Recent Work Test
There are two federal programs that provide disability payments to those who meet the definitions of disability put forth by the Social Security Administration (SSA). These programs are Social Security Disability Insurance (SSDI) and Supplemental Security Income (SSI). SSDI is not a means-tested benefit, and it doesn’t matter how much money you’ve earned or saved once you become disabled. Rather, SSDI is an insurance program that kicks in if you are disabled such that you can no longer work, but have worked a certain amount before becoming disabled. To be eligible, you must pass a recent work test, along with a duration of work test. Your disability must also meet strict requirements in order for you to obtain SSDI. If you have concerns about the recent work test in connection with your SSDI claim, our seasoned Chicago Social Security attorneys are prepared to assist you.What is the Recent Work Test?
In order to obtain SSDI benefits, you need to meet both the recent work test and the duration of work test. The recent work test involves how much work you must have performed recently, which has to meet a particular threshold in order for you to be eligible for benefits.
The SSA decides whether you’ve worked enough to qualify for SSDI by converting your earnings to work credits. You can get a maximum of 4 credits in a year. You need to have worked a certain number of years or earned a certain amount of credits to meet the duration of work test. A skilled Social Security lawyer can help you understand how the nuances of these rules may apply to your claim.Work Credits
Generally, under the recent work test, those who are at least 31 years old must have worked at least 5 of the prior 10 years before becoming disabled to obtain SSDI coverage. This is equivalent to earning 20 credits with ¼ of a year’s work equaling a credit. Some blind applicants will be able to use an exception to the recent work test.
If you become disabled before you turn 24, you must have worked a minimum of 1 ½ years in the last three years just before becoming disabled, or you must have earned 6 credits in the past 3 years. If you become disabled between the ages of 24 and 31, you need to have worked at least half of the time since you turned 21. In other words, if you’re disabled at age 29, you need to have worked at least 4 years out of the last 8 years. If you become disabled when you are 27, you need to have worked a minimum of 2 years out of the last 6.Receiving Benefits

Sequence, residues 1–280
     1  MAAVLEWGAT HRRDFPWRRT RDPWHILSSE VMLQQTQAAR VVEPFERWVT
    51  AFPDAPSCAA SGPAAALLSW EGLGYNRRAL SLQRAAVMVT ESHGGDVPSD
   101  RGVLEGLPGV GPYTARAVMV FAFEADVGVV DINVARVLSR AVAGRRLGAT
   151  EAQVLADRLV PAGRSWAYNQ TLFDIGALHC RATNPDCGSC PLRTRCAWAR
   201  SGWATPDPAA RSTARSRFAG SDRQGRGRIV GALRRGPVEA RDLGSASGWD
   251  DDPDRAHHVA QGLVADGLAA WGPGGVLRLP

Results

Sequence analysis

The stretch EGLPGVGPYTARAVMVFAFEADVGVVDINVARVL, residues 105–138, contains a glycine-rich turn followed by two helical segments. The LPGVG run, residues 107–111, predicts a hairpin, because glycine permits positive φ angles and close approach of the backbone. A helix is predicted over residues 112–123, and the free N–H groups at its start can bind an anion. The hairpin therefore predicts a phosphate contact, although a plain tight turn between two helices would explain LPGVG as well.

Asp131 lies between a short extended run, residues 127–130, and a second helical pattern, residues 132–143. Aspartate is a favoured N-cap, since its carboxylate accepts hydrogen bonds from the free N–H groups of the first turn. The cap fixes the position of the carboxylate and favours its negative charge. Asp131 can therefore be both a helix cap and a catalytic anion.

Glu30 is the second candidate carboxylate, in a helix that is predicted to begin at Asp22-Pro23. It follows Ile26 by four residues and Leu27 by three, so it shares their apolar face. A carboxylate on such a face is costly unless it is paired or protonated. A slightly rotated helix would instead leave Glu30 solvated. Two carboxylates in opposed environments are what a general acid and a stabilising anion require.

Your income has to be reported to the SSA if you are working and you receive SSDI. Whether you perform work while on SSDI can affect your benefits, even if you do qualify under the recent work test. Those who receive SSDI benefits should contact the SSA before starting to work. While you can’t earn more than a certain amount, you may be able to get earnings and collect benefits during a trial work period and a longer period of eligibility.Consult an Experienced SSDI Attorney in Chicago
When you aren’t able to work to support yourself or your family due to disability, it can be stressful to try to fight for the benefits available through the SSDI program. You probably paid into Social Security while you were working; your pay stubs should show FICA deductions, which reflect these payments. Your most recent work date and how long you worked will impact your eligibility for benefits. If you’re concerned about the recent work test related to your SSDI claim in Chicago, you can consult a lawyer. At Katz, Friedman, Eisenstein, Johnson, Bareck and Bertuca, we can represent those disabled in Quincy, Aurora, Champaign, and Rockford, as well as across Kane, Sangamon, Adams, Winnebago, and Cook Counties. We also evaluate our clients’ disabilities to determine whether other relief may be available in addition to SSDI. Contact us at 312-263-6330 or 800-444-1525 or via our online form.